“If you observe a Service member actively participating in an extremist organization in a manner that you suspect violates the UCMJ [Uniform Code of Military Justice] or the Department of Defense’s, a Military Department’s, or Service’s extremism policies, report the Service member to a supervisor, commander, or military criminal investigator.

“Extremist behavior by Department personnel that does not rise to the level of a violation of the UCMJ or other applicable laws, or the Department of Defense’s, Military Department’s, or Military Service’s extremism policies may still be a concern under the U.S. Government’s national security adjudicative guidelines, used to assess eligibility for access to classified information or to hold a sensitive position.”

Some active-duty members of the military who attended the large rally held by President Donald Trump in Washington on Jan. 6 have told The Epoch Times that they feel they’re under surveillance.

“People have come to me and said that people are asking questions about me,” said one, who declined to be identified.

‘Big Con’

Retired Gen. William Gerald “Jerry” Boykin, a former undersecretary of defense for intelligence, calls the mandates a threat to morale and recruitment.

“This effort will destroy our military,” Boykin told The Epoch Times. The department-wide collection of data on serving members of the military who may have voiced support for Donald Trump will hurt morale, he said.

“This is very damaging to morale, which will impact recruitment and retention,” said Boykin, currently a vice president of the Family Research Council in Washington.

“Where is all of this going? It is the administration’s Big Con, a big psychological operation designed to convince the American people that the people who demonstrated in Washington, D.C., on Jan. 6 and all the people they represent—that is, Trump supporters—are domestic terrorists.”

Orland said, “Creating an environment that is free from discrimination, hate, and harassment against others will not hurt morale and recruitment.”

Boykin says the stand-down has to be linked with the long-term occupation of the U.S. Capitol grounds by the National Guard, which is another form of psychological operation.

“Fact is, the stand-down is squandering time for exercises that are needed to prepare for the real war we have been in for 19 years,” he said. “Our military cannot be successful until we get back to the primary mission of winning the nation’s wars.”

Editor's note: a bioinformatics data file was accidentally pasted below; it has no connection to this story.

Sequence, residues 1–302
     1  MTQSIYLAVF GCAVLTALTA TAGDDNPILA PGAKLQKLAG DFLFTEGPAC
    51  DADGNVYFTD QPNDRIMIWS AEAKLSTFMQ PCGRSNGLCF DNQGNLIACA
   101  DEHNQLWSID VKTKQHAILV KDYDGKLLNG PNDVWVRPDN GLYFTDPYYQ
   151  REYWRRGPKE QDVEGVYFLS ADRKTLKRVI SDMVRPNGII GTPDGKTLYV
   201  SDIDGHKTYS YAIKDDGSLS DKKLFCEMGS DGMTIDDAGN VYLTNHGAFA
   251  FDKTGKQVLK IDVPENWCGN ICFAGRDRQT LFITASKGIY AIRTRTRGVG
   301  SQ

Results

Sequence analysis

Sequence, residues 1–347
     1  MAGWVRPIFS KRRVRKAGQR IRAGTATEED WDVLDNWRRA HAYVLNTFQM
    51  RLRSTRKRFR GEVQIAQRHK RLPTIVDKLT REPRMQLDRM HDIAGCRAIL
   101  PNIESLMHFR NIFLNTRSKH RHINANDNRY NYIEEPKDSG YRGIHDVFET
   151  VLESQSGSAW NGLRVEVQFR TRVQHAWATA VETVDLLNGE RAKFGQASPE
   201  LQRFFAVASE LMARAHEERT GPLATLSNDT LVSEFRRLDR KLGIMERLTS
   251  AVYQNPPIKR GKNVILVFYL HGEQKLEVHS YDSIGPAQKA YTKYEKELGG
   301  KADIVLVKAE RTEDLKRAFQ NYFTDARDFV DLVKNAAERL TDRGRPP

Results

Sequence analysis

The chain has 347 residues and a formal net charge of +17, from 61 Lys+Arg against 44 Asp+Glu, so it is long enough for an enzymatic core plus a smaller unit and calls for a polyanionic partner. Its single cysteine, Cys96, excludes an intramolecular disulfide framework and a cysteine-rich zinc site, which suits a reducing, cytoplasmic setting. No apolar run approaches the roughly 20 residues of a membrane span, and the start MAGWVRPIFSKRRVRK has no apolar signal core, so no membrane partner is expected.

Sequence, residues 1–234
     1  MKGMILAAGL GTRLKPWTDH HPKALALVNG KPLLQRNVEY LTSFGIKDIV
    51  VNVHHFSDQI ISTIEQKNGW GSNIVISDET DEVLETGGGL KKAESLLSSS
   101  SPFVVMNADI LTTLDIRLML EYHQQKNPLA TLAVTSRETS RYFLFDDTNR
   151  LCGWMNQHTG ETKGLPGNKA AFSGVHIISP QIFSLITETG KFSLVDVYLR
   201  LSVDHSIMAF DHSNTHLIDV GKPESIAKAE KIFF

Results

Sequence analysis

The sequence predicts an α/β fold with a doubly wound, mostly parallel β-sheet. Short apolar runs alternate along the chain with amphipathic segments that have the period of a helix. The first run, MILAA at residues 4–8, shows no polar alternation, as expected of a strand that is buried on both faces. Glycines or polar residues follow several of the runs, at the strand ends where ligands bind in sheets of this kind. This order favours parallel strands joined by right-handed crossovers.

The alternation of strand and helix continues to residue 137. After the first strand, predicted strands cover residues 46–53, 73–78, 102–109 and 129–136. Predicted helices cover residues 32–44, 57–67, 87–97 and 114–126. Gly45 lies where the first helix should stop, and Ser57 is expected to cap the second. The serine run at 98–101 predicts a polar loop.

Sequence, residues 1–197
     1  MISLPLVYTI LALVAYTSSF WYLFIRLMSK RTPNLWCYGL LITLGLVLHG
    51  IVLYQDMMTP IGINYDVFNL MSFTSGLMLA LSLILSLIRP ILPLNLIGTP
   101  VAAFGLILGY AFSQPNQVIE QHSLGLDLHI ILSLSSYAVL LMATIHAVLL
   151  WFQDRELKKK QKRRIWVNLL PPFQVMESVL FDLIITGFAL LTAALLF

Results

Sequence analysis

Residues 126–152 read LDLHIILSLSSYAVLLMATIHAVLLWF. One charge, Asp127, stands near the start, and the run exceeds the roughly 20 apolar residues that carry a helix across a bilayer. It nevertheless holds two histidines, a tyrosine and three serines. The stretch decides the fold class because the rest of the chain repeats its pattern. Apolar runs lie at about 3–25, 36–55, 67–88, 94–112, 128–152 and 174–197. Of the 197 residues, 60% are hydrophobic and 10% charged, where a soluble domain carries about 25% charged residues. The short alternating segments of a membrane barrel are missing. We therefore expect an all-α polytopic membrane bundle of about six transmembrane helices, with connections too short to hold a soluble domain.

Epoch Times Photo
Then-Gen. Jerry Boykin. (courtesy of Mr. Jerry Boykin)

‘Ideological Eras’

The focus on weeding out white supremacists and neo-Nazis, along with no mention of Antifa, anarchists, or Jihadist groups has riled some active-duty service members who talked to The Epoch Times on background for fear of retaliation.

“We have had a series of attacks against U.S. servicemen by soldiers driven by jihadist sympathies, including an arrest January 19, 2021, of a Cavalry Scout at Fort Stewart, Georgia, yet never in 20 years was there a stand-down to examine Islamicist extremists in the ranks,” one said.

The politicization of the military by left-leaning social engineers isn’t new, according to retired Col. John Mills, former director of cybersecurity policy, strategy, and international affairs in the Office of the Secretary of Defense. Mills contributes to The Epoch Times opinion section.

“I’ve lived through three phases of these ideological eras,” Mills told The Epoch Times.

“First were various ‘sensitivity’ training sessions during the Clinton years that hinted at significant Christian intolerance of others. These training sessions were shortly curtailed after significant pushback.

“Second, within days of the Obama administration taking office, a DHS flyer was circulated within government that said white Christian males with guns were a greater danger than Islamic extremists. This flyer was pulled back, but Obama politicals told me several times that white Christian males with guns is what kept them up at night—more so than ISIS, China, and Russia,” he said.

“The chilling and directive nature of the current third wave of indoctrination is concerning.

“There is extremism, and it has to be addressed, but there are multiple forms on all sides which must be holistically discussed. Their program must be altered to be fair, impartial, science and fact-based, and address 360 degrees of extremism,” Mills said.

“If they’re going to obsess over the Proud Boys, they need to also obsess over Antifa and BLM.”